Single nucleotide polymorphisms (SNPs) have been associated with prostate cancer (PCa) risk and tumor aggressiveness in retrospective studies. To assess the value of genotyping in a clinical setting, we evaluated the correlation between three genotypes (rs1447295 and rs6983267[8q24] and rs4054823[17p12]) and prostatic biopsy outcome prospectively in a French population of Caucasian men. Five hundred ninety-eight patients with prostatic-specific antigen (PSA) >4 ng/mL or abnormal digital rectal examination (DRE) participated in this prospective, multicenter study. Age, familial history of PCa, body mass index (BMI), data of DRE, International Prostate Symptom Score (I-PSS) score, PSA value and prostatic volume were collected prospectively before prostatic biopsy. Correlation between genotypes and biopsy outcome (positive or negative) and Gleason score (≤6 or >6) were studied by univariate and multivariable analysis. rs1447295 and rs6983267 risk variants were found to be associated with the presence of PCa in univariate analysis. rs6983267 genotype remained significantly linked to a positive biopsy (odds ratio [OR] = 1.66, 95% confidence interval [CI]: 1.06-2.59, P = 0.026) in multivariable analysis, but rs1447295 genotype did not (OR = 1.47, 95% CI: 0.89-2.43, P = 0.13). When biopsy outcome was stratified according to Gleason score, risk variants of rs1447295 were associated with aggressive disease (Gleason score ≥7) in univariate and multivariable analysis (OR = 2.05 95% CI: 1.10-3.79, P = 0.023). rs6983267 GG genotype was not related to aggressiveness. The results did not reach significance concerning rs4054823 for any analysis. This inaugural prospective evaluation thus confirmed potential usefulness of genotyping PCa assessment. Ongoing clinical evaluation of larger panels of SNPs will detail the actual impact of genetic markers on clinical practice.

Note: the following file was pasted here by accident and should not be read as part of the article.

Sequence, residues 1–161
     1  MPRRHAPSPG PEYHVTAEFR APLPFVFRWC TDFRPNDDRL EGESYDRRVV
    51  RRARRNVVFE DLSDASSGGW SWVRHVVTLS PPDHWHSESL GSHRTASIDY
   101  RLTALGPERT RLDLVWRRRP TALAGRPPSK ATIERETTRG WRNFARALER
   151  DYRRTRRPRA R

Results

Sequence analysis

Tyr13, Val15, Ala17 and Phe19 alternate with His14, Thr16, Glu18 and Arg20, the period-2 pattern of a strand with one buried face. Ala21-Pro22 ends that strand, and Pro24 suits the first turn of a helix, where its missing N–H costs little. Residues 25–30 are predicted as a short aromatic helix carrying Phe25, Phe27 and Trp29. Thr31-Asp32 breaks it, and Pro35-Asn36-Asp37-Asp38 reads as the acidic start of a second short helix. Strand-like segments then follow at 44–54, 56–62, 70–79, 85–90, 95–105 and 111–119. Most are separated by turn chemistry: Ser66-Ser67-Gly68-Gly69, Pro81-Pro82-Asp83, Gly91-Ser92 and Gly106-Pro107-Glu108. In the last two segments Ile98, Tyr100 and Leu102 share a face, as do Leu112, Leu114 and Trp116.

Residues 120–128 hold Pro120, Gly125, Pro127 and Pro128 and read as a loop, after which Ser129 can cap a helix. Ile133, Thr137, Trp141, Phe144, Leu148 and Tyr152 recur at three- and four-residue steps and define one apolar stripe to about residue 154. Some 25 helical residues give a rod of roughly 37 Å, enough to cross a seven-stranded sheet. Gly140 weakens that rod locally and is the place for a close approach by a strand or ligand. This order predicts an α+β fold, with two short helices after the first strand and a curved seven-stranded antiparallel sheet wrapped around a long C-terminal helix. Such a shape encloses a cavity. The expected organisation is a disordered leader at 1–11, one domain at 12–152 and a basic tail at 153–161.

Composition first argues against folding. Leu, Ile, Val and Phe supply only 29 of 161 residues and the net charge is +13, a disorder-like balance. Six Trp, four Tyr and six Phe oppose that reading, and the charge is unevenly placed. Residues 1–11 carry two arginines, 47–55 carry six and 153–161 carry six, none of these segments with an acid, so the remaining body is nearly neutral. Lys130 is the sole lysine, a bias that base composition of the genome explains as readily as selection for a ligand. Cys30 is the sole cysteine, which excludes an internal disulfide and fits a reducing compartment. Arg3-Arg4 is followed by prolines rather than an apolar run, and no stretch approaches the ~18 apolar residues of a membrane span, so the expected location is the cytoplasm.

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This study was funded by a national public grant for clinical research (PHRC 2008).
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